Polling stations opened for assembly elections in Japan on Sunday, October 31, with about 106 million voters invited to decide on 1,051 candidates for 465 seats in the lower house of the Diet.
The new Prime Minister is Fumio Kishida It dissolved the House of Representatives on October 14, Hopes to retain his post. In the previous legislature, the Liberal Democratic Party (PLD, Nationalist Right) dominated the Japanese political scene for nearly sixty-six years, capturing 276 seats, and its ally the Komeito Party (center right), 29 or 305 seats. Total. Their coalition had a solid parliamentary base, allowing it to control all the levers of power.
But the situation has changed a lot compared to the last legislative elections in 2017. Shinzo Abe, who appeared to be a stainless prime minister, resigned in September 2020 For health reasons. His successor Yoshihit Suka lasted only a year, Was plagued by unpopular records as his administration considered the health crisis and his desire to maintain the Olympics in Tokyo this year at any cost a strain.
Seventeen day campaign
He was elected chairman of the PLD at the end of September, thanks to the support of the party’s coins, Then appointed Prime Minister by Parliament in early October, Mr. Kishida, 64, is not very popular in public. At the beginning of October it was 50%, one of the lowest for a new Japanese leader in twenty years.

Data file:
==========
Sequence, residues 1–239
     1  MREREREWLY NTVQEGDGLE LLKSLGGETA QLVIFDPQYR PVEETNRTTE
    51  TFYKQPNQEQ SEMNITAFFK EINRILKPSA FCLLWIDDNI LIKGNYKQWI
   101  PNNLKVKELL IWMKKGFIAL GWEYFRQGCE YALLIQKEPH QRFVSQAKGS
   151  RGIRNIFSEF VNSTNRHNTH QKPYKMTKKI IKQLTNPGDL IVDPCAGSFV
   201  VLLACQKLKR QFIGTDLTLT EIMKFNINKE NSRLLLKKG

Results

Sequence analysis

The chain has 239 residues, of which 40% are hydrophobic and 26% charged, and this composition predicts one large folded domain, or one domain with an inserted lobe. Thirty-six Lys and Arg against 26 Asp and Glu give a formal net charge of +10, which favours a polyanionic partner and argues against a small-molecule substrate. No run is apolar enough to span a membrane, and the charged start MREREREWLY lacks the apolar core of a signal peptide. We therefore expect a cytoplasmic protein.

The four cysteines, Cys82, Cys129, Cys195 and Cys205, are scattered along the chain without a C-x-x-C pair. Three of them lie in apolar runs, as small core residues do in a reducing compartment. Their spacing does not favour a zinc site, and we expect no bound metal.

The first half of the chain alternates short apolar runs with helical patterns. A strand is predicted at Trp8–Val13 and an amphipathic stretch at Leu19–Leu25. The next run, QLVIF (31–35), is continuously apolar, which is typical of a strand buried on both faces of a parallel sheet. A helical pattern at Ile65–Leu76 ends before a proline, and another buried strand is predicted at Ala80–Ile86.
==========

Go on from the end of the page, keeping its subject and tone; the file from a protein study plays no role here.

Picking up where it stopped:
At the end of a seventeen-day campaign dominated by themes surrounding epidemics and the economy, Mr. Kishida is targeting a very narrow majority: 233 seats for PLD and Komeito. A way to save face even if you lose significant space.
“We need to show the public that the PLD has been resurrected.”After being elected as the leader of the party, Mr. Started Kishida. He promised to make the fight against Govt-19 his priority, revive the economy and reduce growing social inequalities. However, he was unclear about the steps to achieve this.
PLD has long benefited from historically weak and fragmented resistance. But for these assembly elections, the five opposition parties will cooperate in several constituencies, which could theoretically weaken. “Mr. Kishida faces dizziness due to low popularity and high concerted opposition.”, Moody’s Analytics economist Stephen Angrick summarizes.
An eye on participation
PLD, on the other hand, has vast resources and is well versed in the art of controlling the electoral process, especially in rural areas. “There are personal connections between the families of his candidates and the voters, many generations ago.”, Agence France-Presse (AFP), Mr. Recalls Cucek, professor of Asian studies at Temple University.
Mr. Another asset for Kishida and her party: The number of Govt-19 infections in Japan has dropped (an average of 270 new cases daily in the last seven days), reaching record highs in August under the influence of delta variation.
After a tough start to the year, the vaccination campaign on the archipelago turned out to be successful: more than 71% of the population now has two injections, one of the highest rates in the Economic Cooperation countries. – Operation and Development (OECD).
The lowest turnout in Japan in particular (53.68% in the 2017 Assembly elections and 52.66% in 2014) will be examined on Sunday. Higher turnout has traditionally been in favor of PLD. Polling stations will close at 8pm (afternoon in Paris).